I've been considering making something like this for myself. I love my current stack: TornadoWeb with a Gremlin Server graph database backend, but I do find myself recreating it from time to tim. Maybe I should put the effort in to at least skeleton the thing/define common functionality so that I can quickly prototype.

Ah, the good old "I could build StackOverflow in a weekend" line of thinking - I'm sure we've all been there.

There's a world of difference in building a photo sharing app with XXX,XXX users vs. building a chat app with XXX,XXX users.

When you do anything that involves chat or that level of concurrency, surprises will bite you in the behind, multiple times, even if you desperately try to use as much existing software as possible.

(as anyone who's taken a look at ejabberd, thought it'll play nicely, and then load tested their code will tell you)

Frankly, PHP vs. Rails vs. Node[1] vs .Net vs Java will be the least of your troubles.

[1] I do fear that the author is going to find a nasty surprise or two for themself regarding Node's performance issues

Though, using a specialized language like Erlang can make it possible to run WhatsApp on only 50 engineers (in 2015). I agree with the OP that choosing a stack like Rails can kill your Pokemon Go related MVP pretty quickly (I'm a huge Rails fan myself, but would definitely use Node.js for something like that).

> make it possible to run WhatsApp on only 50 engineers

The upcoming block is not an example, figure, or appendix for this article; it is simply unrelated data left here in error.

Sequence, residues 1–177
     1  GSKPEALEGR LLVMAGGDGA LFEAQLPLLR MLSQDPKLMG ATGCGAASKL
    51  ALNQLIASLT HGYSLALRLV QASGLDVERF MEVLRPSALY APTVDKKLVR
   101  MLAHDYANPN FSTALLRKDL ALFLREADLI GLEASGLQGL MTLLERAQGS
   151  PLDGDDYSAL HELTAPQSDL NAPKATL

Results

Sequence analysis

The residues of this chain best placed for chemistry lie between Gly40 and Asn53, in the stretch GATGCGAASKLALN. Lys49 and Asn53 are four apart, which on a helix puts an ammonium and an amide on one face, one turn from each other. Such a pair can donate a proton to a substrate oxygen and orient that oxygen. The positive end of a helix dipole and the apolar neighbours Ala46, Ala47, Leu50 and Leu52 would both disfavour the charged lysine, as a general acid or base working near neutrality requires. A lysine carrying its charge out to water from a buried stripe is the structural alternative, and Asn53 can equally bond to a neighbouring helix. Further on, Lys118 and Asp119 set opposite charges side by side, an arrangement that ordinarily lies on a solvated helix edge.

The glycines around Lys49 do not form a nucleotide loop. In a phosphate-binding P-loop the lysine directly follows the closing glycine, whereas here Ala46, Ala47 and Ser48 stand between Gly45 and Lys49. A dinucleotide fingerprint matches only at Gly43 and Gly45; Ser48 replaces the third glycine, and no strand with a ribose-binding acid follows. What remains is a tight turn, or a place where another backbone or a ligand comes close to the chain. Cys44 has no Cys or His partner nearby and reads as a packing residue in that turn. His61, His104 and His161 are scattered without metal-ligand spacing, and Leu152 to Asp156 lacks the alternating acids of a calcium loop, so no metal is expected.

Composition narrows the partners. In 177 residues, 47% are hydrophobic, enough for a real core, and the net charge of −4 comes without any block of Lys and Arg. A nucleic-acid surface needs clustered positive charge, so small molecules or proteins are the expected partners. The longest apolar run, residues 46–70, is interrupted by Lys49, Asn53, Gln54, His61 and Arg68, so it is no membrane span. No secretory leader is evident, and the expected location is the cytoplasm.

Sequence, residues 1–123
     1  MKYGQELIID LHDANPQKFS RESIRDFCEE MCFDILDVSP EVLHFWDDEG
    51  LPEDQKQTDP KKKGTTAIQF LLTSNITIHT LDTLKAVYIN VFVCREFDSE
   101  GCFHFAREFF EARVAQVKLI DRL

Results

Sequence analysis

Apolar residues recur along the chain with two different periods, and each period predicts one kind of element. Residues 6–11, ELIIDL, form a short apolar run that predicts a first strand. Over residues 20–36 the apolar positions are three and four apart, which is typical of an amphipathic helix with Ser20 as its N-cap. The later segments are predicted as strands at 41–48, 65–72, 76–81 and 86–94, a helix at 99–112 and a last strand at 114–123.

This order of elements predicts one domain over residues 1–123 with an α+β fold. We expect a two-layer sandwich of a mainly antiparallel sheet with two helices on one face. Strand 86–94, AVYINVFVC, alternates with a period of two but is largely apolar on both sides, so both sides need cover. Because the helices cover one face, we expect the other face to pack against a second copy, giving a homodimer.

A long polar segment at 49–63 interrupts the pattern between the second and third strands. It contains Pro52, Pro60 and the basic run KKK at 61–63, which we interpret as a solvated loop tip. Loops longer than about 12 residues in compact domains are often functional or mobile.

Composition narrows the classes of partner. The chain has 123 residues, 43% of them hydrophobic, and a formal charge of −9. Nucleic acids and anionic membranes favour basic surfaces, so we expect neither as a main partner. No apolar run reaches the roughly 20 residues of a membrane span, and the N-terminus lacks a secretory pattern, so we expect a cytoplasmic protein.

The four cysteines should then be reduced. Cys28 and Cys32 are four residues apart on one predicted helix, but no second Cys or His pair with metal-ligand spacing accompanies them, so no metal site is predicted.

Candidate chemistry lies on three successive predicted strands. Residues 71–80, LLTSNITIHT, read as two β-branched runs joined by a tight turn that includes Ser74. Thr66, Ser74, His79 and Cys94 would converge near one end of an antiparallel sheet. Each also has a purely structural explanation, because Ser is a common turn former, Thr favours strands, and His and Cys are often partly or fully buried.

Frankly, I'm sure Erlang is great, but with 50 full time skilled engineers I'm pretty sure you could run WhatsApp on almost anything.

The largest explosion in their user base came when I think they were at something like ~11 engineers, and from what I've heard the largest additions to their engineering team came on the frontend side, not the backend.

Ask Twitter team; they may have a different story.

I'd probably do the first gen core chat in Node, and write everything else to leverage a cloud provider's infrastructure of choice.... Google, Azure and AWS all offer similar services which include bigtable, blob/file storage, some hosted SQL variant, document search engine, and some form of queuing service.

The hard part is routing messages, and looking at some of the messages, seems to be location based chats... probably could use geohashing for sending messages to channels, the hash level you are at, plus the surrounding 8 hashes.